USD/JPY: Hanging at a High
If you are following the USD/JPY, you will have seen the steep climb the currency pair has made in the last two weeks. It has been almost thirteen years (2002) since the USD/JPY has seen market rates this high. The strength of the greenback has a lot to do with current U.S. economic policy and favorable economic news which is supporting its increasing trend upward, such as the favorable Manufacturing PMI report that came out yesterday at 52.8 versus 52.0 expected.
In regards to U.S. economic policy, on May 22nd, the U.S. Federal Reserve gave the appearance of a stronger economic position. Janet Yellen indicated that sometime later this year, the U.S. would have a rate hike due to the growing economy. Alternatively in Japan, the country is continuing a policy of quantitative easing to buy up bonds of the entire bond market, a process they started in 2012, dropping the value of the yen versus the Dollar by more than 30% since then.
Tuesday saw the USD/JPY hit its resistance before having a downward hiccup. It returned to a rising trend today, but is there inflation on the horizon for the greenback and a possible downward trend for the USD/JPY in its future as the OECD slashed it growth rate to 2% for the U.S. economy?
In USD/JPY market news this week:
• Wednesday has important news announcements for both the U.S. and Japan. The U.S. has the ADP Employment Change, Trade Balance numbers, and Non-Manufacturing Composite which are all expected to show strong results. The amount of Japan’s buying of Foreign bonds and stocks will be announced, previous numbers stood at ¥911.8B and ¥561.2B respectively. The net data will show the difference of capital inflow and outflow. A positive difference indicates net sales of foreign securities by residents (capital inflow), and a negative difference indicates net purchases of foreign securities by residents (capital outflow). As bond buying is a big factor in Japan’s economic policy, watch these numbers closely.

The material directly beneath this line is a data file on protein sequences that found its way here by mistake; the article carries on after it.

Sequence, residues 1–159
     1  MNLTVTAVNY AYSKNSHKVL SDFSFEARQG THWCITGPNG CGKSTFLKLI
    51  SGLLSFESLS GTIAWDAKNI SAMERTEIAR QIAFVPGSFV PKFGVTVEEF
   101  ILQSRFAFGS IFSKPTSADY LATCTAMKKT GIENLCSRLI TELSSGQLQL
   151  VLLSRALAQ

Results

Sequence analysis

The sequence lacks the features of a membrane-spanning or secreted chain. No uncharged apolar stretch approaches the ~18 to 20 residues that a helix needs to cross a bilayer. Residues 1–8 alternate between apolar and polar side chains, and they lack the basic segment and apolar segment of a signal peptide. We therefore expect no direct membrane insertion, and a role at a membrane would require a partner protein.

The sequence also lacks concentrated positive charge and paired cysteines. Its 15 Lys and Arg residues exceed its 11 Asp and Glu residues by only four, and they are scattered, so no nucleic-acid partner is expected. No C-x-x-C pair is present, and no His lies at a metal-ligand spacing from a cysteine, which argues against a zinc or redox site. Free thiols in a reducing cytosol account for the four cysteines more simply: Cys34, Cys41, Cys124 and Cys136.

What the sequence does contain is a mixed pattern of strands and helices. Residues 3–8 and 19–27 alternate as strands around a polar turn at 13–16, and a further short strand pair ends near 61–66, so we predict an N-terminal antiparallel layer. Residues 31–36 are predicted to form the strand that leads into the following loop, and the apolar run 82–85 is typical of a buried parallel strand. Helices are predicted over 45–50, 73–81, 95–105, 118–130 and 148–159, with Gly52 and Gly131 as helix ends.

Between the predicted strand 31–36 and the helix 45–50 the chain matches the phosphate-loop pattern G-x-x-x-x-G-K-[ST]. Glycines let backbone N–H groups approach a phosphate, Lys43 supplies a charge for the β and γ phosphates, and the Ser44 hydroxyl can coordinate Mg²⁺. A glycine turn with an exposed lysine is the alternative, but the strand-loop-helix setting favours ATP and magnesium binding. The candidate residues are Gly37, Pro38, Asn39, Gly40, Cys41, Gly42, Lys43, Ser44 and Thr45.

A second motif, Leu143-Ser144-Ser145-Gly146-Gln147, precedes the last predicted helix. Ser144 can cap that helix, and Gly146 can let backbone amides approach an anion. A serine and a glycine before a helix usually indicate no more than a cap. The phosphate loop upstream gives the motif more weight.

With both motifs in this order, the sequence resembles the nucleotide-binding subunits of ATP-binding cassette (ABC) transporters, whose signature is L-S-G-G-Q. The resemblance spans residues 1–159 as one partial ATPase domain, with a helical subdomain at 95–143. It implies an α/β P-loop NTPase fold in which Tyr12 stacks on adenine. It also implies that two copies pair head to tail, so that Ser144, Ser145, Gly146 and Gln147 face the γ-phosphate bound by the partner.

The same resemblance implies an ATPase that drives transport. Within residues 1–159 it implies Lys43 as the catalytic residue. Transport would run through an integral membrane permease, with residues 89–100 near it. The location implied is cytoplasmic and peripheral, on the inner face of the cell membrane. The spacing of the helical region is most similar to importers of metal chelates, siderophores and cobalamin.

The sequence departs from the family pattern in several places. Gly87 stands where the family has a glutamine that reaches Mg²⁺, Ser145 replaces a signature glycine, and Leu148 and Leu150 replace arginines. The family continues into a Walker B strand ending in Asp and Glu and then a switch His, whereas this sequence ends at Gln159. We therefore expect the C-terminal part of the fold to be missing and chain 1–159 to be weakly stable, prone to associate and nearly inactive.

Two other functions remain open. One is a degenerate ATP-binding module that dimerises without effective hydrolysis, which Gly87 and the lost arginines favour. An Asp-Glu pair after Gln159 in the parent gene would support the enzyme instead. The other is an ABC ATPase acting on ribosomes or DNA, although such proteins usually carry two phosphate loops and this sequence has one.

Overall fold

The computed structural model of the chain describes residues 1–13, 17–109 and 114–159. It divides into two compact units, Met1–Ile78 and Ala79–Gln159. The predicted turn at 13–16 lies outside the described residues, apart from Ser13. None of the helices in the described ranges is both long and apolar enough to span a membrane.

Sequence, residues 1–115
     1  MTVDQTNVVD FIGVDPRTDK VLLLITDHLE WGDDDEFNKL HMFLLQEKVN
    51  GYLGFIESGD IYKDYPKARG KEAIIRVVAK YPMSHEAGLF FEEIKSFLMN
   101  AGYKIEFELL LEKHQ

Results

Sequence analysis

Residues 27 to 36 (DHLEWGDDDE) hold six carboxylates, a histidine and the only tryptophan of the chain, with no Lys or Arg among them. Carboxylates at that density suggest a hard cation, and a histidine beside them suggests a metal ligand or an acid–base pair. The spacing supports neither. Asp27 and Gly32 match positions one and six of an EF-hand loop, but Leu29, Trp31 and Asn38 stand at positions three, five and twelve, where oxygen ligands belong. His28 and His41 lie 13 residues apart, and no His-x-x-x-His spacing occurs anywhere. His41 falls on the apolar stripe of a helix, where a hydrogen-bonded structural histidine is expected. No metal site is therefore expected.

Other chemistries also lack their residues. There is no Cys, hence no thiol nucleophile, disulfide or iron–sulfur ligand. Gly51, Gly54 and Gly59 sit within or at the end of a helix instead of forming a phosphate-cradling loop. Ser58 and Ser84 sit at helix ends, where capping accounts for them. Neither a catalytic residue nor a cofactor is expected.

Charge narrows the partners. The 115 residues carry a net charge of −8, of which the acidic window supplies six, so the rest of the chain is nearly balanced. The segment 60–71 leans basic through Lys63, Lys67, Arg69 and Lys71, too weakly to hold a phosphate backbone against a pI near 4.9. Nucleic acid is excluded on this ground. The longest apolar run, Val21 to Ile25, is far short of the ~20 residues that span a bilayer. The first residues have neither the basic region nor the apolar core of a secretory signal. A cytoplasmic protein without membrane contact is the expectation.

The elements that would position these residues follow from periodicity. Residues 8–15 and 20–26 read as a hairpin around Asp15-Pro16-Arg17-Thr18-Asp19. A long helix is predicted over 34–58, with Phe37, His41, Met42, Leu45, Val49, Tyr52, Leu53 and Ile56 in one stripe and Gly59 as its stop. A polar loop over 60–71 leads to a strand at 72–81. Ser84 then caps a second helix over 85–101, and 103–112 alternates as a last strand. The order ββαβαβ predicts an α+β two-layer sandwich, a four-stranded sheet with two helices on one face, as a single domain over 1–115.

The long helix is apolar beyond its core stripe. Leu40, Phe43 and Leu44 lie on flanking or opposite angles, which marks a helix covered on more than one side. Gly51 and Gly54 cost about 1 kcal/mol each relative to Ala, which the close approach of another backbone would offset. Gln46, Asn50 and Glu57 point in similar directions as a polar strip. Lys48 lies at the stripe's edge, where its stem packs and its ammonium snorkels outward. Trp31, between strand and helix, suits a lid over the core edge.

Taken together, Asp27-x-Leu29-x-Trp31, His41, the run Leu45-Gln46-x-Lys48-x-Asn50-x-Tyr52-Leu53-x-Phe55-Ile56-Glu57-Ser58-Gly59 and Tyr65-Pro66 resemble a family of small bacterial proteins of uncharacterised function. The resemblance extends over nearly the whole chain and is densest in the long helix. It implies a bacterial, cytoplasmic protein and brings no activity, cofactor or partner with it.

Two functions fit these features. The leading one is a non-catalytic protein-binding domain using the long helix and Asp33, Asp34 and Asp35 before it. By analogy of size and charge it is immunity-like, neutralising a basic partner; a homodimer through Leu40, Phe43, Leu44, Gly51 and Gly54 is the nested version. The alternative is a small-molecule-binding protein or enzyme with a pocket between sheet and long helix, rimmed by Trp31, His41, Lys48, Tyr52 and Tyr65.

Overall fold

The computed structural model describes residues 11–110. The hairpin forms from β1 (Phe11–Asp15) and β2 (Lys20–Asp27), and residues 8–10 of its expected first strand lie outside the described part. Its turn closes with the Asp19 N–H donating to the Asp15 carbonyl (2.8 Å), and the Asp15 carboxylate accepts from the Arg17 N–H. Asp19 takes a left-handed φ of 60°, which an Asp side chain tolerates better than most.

• At Thursday 00:00 GMT, Bank of Japan (BoJ) Governor Haruhiko Kuroka will hold a press conference about monetary policies in Tokyo. This is an important statement to follow.
• Friday – At 05:00 GMT, Japan has its Leading Economic Index and Coincident Index, which tracks the state of the Japanese economy. For the U.S., the markets will be watching the monthly Non-Farm Payroll and Unemployment Rate.
Long (buy) Call Trade
If you expect as an option trader the USD/JPY to take an upward trend this week, you may buy a USD/JPY Call option because a Call increases in value as USD/JPY price rises. Your option strike choice depends on your outlook; if you are bullish and expect a large upward move you may want to choose a strike further away from the current underlying USD/JPY price. See lesson on Determining a Buy Call Option’s Moneyness if you would like to understand strikes.
Below is an example in the optionsReasy web-platform. It is a USD/JPY Call option with 0% strike (matching the current underlying price), to expire in 2 days and for an amount of 50,000 USDs. The risk is limited and profit is unlimited in this position.
The below Scenario chart and table show the Call option trades profit or loss, at expiry, over a range of USD/JPY rates.
Long (buy) Put
If you expect as an option trader the USD/JPY to take a downward trend this week, you may buy a USD/JPY Put option because a Put increases in value as USD/JPY price falls.
Below is an example in the options Reasy web-platform. It is a USD/JPY Put option with 0% strike (matching the current underlying price), to expire in 2 days and for an amount of 50,000 USDs. The risk is limited in this position.
The below Scenario chart and table show the Put option trades profit or loss, at expiry, over a range of USD/JPY rates.